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Global Read Aloud: The little idea that could

By Team ISTE
September 21, 2015
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The big things always start with a spark of an idea. And so it was for Global Read Aloud, an intention that came to teacher Pernille Ripp in 2010 when she wondered what would happen if teachers around the globe read a book aloud and then found a way to connect.

“It was just an idea to try, and then I blogged about it and the response was immediate,” Ripp, a seventh grade teacher in Oregon, Wisconsin, recalls. “It was very organic. If I knew how large it would grow, I might not have done it.”

But she did. Since its launch five years ago, Global Read Aloud can count more than 500,000 connections made in 60 countries.

This year’s event kicks off Oct. 5, and Ripp is encouraging educators globally to take a chance and join the project. The premise is simple. During the set six-week period, participate with educators and students worldwide in reading the selected books. Then, find some way to connect with one classroom or several who are reading the same book.

The books vary by level of maturity – from picture books to chapter books. While there’s no specific lesson plans, there is a breakdown on how many chapters those reading chapter books should cover each week. And one caveat – don’t’ read ahead and spoil it for others.

Dip your toe in or jump in with both feet

Each educator decides how much time to dedicate and how involved they’d like to be. Those just exploring the idea can participate by having their classes read one of the books and discuss how learners worldwide are participating in the same process. Or, you can jump in with both feet and get your students connected with others using Edmodo, Google Docs, Padlet, Twitter, Skype, Kidblog, Tackk and the Global Read Aloud wiki.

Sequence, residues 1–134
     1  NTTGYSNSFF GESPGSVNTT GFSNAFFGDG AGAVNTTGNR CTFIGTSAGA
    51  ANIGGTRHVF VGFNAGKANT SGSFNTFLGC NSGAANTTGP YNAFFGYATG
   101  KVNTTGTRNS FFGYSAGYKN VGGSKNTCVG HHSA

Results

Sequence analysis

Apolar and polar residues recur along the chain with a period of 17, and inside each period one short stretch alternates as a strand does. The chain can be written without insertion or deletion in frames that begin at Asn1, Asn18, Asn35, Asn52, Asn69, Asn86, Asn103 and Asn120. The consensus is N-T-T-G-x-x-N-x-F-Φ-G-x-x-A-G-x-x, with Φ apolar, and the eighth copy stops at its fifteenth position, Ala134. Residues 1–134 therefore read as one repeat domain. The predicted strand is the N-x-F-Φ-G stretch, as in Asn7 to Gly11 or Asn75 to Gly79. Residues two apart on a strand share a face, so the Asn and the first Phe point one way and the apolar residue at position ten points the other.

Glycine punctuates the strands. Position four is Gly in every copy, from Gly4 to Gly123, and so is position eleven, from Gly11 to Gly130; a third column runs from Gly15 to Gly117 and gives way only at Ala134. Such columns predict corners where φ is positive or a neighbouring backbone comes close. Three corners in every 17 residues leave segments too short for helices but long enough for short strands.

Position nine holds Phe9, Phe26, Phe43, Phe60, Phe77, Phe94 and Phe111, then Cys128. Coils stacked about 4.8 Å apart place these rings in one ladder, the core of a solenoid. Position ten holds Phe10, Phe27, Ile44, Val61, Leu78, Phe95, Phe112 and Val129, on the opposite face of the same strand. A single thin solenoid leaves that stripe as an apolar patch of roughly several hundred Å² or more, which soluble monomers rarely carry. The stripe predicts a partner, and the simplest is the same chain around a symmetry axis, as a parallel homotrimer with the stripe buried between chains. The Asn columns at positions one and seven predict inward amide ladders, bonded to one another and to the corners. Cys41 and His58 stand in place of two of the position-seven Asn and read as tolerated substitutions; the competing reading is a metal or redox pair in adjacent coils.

No matter the depth of your involvement, Ripp acts as your reading Sherpa along the way, providing everything you need to know to engage in the project via emails as soon as you sign up and continuing weekly. Updates are also posted on the Global Read Aloud website and Facebook – all the places where people get their information, Ripp says. And because the event has spawned an entire passionate community, other educators frequently add to the conversation and assist others via Edmodo or Twitter.

“People invent all kinds of things to make it work for them,” Ripp explains. “All of the things that come out of it are student-driven and passion-driven, and the pioneers that do these things are so willing to share.”

The goal is to get kids to fall in love with books

For those who are terrified, skeptical or pressed for time, Ripp and her team have you covered. “Just start reading the books and then tune into one of the big events that are happening,” she suggests. Random Acts of Kindness Week, for example. If you don’t have a lot of time to spend figuring out technology that’s new to you, just pick one thing – like a culminating Skype session at the end of the six weeks.

As is her style, Ripp doesn’t have a target for total participation. But she does have a goal in mind.  “It’s more of a personal goal that my students have an experience with this, fall in love with the books and have a sense of the global nature of it. My goal is to make sure my students say, ‘yes, that is a great book.’”